Considered to be the most common cancers in women globally, breast cancer is a serious health issue that can happen to almost anyone. We may be more educated about the condition now but there are still breast cancer myths that can mislead and scare us unnecessarily. Here, the team at UEX debunk some of these myths, plus tell us how screening and treatment can be covered by health insurance.
Breast cancer myths
#1 Wearing a bra increases my chance of breast cancer.
There’s no scientific evidence that shows that wearing any kind of bra causes breast cancer. Breast cancer usually arises due to numerous factors such as pre-existing conditions and lifestyle.
#2 Staying fit and eating ‘clean’ will make me unlikely to have breast cancer.
While keeping in shape lowers your risk of cancer, boosting your immune system is not a guaranteed way of preventing it. Even the fittest of us can get breast cancer! There’s no foolproof method of preventing breast cancer, which makes regular checkups and self-awareness even more important.
#3 Only women can get breast cancer.
One of the most common breast cancer myths is that only women can have it. Men also have breast tissue (their chests or “pecs”!), so they’re susceptible to the illness as well. The signs and symptoms of breast cancer in men and women are similar.
#4 Radiation from mammograms can cause breast cancer.
While you’ll inevitably be exposed to a certain level of radiation during a mammogram, it is within a low and non-harmful range. Mammograms are basically x-rays of the breast, so some exposure to radiation is unavoidable.
It’s key to note that the benefits of going for a mammogram far outweigh the risks of remaining unchecked. According to the American Cancer Society, the amount of radiation that one is exposed to during a mammogram is the same as taking a flight from California to New York.
#5 If the lump in my breast is painless, it cannot be cancerous.
One of the breast cancer myths that many tell is that a painless lump is usually not cancerous. During its early stages, the lump that breast cancer produces is actually often unnoticeable and less painful. So if you feel a lump in your breast, it’s extremely important to have it checked out.
#6 A mastectomy (removal of the whole breast) is the only way to treat breast cancer.
There are various ways to treat breast cancer, not just a mastectomy. Depending on the individual and severity of cancer, doctors will recommend different breast cancer treatments.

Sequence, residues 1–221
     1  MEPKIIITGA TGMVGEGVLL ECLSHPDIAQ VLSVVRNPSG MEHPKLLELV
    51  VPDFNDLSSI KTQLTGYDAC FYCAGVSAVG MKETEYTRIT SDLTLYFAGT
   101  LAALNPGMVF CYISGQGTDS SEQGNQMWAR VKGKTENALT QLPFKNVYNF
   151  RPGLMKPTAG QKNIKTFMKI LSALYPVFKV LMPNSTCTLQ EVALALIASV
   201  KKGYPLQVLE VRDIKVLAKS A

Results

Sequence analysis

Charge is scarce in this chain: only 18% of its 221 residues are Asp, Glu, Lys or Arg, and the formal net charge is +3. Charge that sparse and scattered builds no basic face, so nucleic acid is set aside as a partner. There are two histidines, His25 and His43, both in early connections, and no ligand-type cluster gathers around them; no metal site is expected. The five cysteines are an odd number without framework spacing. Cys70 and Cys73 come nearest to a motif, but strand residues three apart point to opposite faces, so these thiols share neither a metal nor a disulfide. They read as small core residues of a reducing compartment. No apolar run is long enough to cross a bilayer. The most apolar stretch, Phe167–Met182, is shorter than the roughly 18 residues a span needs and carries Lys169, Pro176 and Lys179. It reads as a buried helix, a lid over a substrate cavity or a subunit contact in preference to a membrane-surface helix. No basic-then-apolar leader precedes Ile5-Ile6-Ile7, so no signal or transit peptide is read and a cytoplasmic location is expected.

Besides a mastectomy, other options include immunotherapy (which boosts the body’s natural defenses to fight cancer through natural substances), hormonal therapy (adding or removing hormones from the body) and lumpectomy (removing a portion of the breast).
#7 Nobody in my family has it, so I won’t get it either.
Only 5 to 10% of breast cancers are thought to be hereditary. The other 90% is largely due to lifestyle and environmental factors.
Genetic testing can help you understand your inherited risk and allow you to make choices about your future care. Those at high risk can choose to have a prophylactic mastectomy to decrease their chances of getting cancer.
#8 Everyone diagnosed with breast cancer will require chemotherapy.
Treatment depends on the constituency and stage of cancer. Chemotherapy essentially uses drugs to kill tumour cells but it may not be suitable for everyone.
#9 Pregnant women cannot get breast cancer.
Despite the myth, breast cancer is sadly the most common cancer in pregnant and postpartum women. It’s difficult to detect existing or new lumps as breasts are enlarged and more tender after childbirth.
#10 Breast cancer always forms a lump.
Another perception among breast cancer myths is that a lump is the only way to tell if you could have breast cancer. Red flags include inward-turned nipples, dimples in the skin, discharge, tenderness, itchy, scaly and swollen skin on the breast and changes in breast size or shape.
As breast cancer can be curable when treated at an early stage, spotting symptoms early is important. You should do a monthly breast self-examination and go for regular ultrasounds or mammograms (from 40 years and above).
Covering breast cancer screening and treatment with UEX
UEX offers flexible health insurance plans that cover preventive health check-ups and treatments for breast cancer.
Prevention is at the core of UEX’s outpatient benefits. They strongly believe that early detection is the best way to avoid major illnesses.
- Hospitalisation-only plan: Mammography and pap smears are covered for up to $300 (All levels).
- Hospitalisation and outpatient plan: Mammography and pap smear coverage is $300, $500 and full coverage for Level 1, 2 and 3 respectively. You’ll be covered up to $1000 (Level 2) and $2500 (Level 3) for other preventive tests and vaccinations.
UEX’s international health insurance plans fully cover treatment costs under “Hospital and Surgery”. These include specialist consultations, diagnostic scans and tests, medicine and drugs, chemotherapy and radiotherapy.
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